Read about Ontotext’s GraphDB Version 9.0 and its most exciting new feature - open-sourcing the Workbench and the API Plugins.
Over the years, Ontotext’s leading semantic graph database GraphDB has helped organizations in a variety of industries with their data and knowledge management challenges. Enterprises and organizations in Healthcare, the Financial Services sector and Media & Publishing, as well as Government agencies, already use GraphDB to make sense out of diverse sets of data and get deeper insights.
Along with building up a stable customer base of knowledge graph users in various industries throughout the years, GraphDB has also generated a thriving community. Experts in linked data, semantic technology and triplestores are testing GraphDB’s capabilities and performance, and applying it in various technical use cases. They share their insights and experience in numerous blog posts and tutorials, which continue to contribute to the growing community.
In his post, Angus Addlesee, Machine Learning Engineer and Researcher at Wallscope, compares the performance of several linked data triplestores, using RDF and SPARQL queries he has created. Addlesee deployed several triplestores on the same server, one at a time, with the default settings where possible.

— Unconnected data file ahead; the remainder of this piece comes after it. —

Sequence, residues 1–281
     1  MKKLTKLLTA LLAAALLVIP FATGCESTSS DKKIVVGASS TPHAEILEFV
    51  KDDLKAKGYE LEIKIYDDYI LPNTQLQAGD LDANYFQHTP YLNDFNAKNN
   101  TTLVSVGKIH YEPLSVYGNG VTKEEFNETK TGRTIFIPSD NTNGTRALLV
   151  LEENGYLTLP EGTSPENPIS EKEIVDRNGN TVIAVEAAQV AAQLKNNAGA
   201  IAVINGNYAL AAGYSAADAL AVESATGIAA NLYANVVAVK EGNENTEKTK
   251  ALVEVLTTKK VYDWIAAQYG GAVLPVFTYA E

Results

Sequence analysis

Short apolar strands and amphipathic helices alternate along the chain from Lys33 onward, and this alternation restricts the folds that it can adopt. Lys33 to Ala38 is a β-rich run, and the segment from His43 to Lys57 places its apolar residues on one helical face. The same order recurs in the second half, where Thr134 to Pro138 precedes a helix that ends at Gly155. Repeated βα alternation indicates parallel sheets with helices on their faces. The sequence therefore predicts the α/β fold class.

Exploring each triplestore’s performance for six different queries, the expert found that Ontotext’s GraphDB was the fastest triplestore out of the five tested to complete the simplest queries. GraphDB took just 16.7ms to complete two simple queries. In several more complex queries, GraphDB was also the fastest at retrieving entities.
Overall, GraphDB is very easy to deploy and load data, has a pretty interface, and loading data is very intuitive, the expert says.
GraphDB allows users to visually explore data, which makes query construction faster and easier. According to Addlesee’s observations, users can also see instantly if there is a spelling error somewhere if the query is not working.
I really appreciate the ability to explore my data during development and GraphDB is by far the winner for this, Addlesee writes.
Paul Wilton, Managing Director at technical consultancy Data Language, has written a post discussing the move of graph database vendors, including Ontotext, to start offering GraphQL – a popular graph query language that developers use, know and like.